Bach's "Nun komm der Heiden Heiland" (BWV 659), part of the 18 Leipziger Chorale, is based on “Veni, redemptor gentium” by Ambrosius [Ambrose of Milan] c340-397. The German translation is from Martin Luther (1524). See also my upload doc below comparing translations of the hymn.
Albert Schweitzer argued -- both during his conversations with Charles Marie Widor at the St Sulpice in Paris and in lectures and writing -- that Bach's organ choral works ought to be viewed as containing elements of programmatic music - that is, music that not only attempts to depict the mood and polyphonic elaborations on the hymn or melody theme(s) it presents, but also music that contains depiction of images, parts or aspects of the text of the hymn under consideration.
The continuity of the "walking bass" in the pedals, easily recognisable as a 'steady and dignified approach of "the Redeemer",' is sharply interrupted when the Cantus Firmus presents its rich flourish of the third line of the choral. According to the Dutch Bach Society, "the world’s amazement is reinforced by a harmonic pause and an abrupt deceleration of the bass – everyone holding their breath – a trick often used by Bach when writing about the birth of Jesus." (1)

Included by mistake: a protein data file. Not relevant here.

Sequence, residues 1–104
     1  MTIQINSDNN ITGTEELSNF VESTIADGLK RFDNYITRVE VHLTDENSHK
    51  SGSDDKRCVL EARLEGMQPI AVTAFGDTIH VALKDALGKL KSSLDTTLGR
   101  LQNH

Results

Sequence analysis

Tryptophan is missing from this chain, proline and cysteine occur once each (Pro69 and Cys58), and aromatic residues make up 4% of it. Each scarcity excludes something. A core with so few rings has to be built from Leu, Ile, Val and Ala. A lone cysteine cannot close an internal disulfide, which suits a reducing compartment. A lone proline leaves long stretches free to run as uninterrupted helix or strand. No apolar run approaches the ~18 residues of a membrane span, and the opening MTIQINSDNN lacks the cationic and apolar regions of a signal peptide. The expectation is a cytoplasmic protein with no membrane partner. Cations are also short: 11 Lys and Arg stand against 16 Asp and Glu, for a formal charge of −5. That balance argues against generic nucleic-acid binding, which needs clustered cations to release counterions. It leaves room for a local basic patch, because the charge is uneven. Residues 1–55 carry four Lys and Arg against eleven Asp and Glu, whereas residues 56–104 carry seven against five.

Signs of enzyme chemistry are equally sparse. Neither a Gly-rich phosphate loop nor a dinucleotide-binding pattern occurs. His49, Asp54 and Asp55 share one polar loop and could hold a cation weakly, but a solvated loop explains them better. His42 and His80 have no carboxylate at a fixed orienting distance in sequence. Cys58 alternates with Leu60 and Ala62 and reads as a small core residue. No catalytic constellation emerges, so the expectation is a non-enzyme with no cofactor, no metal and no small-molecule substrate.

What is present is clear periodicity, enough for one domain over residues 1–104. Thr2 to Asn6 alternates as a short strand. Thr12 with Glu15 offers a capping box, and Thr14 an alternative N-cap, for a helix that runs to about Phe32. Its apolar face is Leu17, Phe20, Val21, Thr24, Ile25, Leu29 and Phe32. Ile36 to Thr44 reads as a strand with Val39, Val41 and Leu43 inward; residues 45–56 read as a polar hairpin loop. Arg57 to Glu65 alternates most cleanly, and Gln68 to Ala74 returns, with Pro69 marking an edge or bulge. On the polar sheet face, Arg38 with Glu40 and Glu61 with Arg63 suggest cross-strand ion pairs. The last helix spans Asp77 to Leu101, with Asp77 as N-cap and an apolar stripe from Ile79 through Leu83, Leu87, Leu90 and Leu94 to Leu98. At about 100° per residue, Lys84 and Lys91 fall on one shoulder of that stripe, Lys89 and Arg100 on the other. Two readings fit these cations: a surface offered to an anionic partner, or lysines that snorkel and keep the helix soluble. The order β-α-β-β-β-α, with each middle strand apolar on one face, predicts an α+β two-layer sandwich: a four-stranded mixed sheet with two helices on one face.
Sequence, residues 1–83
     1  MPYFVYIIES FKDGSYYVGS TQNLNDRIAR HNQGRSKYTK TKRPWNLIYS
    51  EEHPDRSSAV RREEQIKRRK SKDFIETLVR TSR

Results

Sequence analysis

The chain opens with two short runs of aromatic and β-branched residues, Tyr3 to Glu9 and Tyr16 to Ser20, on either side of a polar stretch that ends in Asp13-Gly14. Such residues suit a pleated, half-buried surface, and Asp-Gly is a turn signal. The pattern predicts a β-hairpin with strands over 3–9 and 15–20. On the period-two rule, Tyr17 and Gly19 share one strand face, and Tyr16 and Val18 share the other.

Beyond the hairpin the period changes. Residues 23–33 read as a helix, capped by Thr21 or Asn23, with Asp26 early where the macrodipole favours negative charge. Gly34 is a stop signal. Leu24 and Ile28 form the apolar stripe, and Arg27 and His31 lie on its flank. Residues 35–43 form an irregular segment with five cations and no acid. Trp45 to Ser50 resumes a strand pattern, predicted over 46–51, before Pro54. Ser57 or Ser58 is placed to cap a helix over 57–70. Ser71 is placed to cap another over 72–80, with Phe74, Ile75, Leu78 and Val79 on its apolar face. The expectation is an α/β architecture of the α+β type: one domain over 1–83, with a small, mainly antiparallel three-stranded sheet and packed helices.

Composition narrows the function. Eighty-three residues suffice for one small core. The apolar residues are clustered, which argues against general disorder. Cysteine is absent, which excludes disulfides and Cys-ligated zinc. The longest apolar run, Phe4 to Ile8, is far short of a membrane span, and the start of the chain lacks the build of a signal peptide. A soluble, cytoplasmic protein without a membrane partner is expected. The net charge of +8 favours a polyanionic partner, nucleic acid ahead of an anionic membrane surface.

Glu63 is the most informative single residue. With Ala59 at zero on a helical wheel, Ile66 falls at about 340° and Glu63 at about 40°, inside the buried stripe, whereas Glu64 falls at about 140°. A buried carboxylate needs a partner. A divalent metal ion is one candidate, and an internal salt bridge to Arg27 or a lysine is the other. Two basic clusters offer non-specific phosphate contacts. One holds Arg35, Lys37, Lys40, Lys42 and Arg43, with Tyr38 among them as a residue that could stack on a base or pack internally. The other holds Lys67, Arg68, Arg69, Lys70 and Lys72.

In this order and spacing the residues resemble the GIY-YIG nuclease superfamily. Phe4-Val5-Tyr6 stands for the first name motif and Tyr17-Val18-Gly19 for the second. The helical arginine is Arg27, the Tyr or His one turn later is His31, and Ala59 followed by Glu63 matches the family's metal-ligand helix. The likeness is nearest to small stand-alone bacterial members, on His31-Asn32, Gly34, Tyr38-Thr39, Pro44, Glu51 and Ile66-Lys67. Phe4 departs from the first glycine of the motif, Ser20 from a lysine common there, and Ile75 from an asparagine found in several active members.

There is more. In the 4th & 5th bar of the 3rd CF line, two striking sequences of four seemingly discordant chords are arresting the rhythm, bringing the continuity to an interrupted halt. In German, the 3rd line of the first verse gives the clue: "Dass sich wunder alle Welt". The word "wunder" is used; in English this translates into notions of a "miracle", and there's an association with "wonder" as in "And I wonder how you are..." This turn of phrase activates an introspective contemplation, a meaning which is not represented in the English or Dutch translations of the hymn. The German phrase "Wie Soll Es Sein?" ("How Can This Be?") comes to mind; it makes me think of the Matthew Passion opening choirs!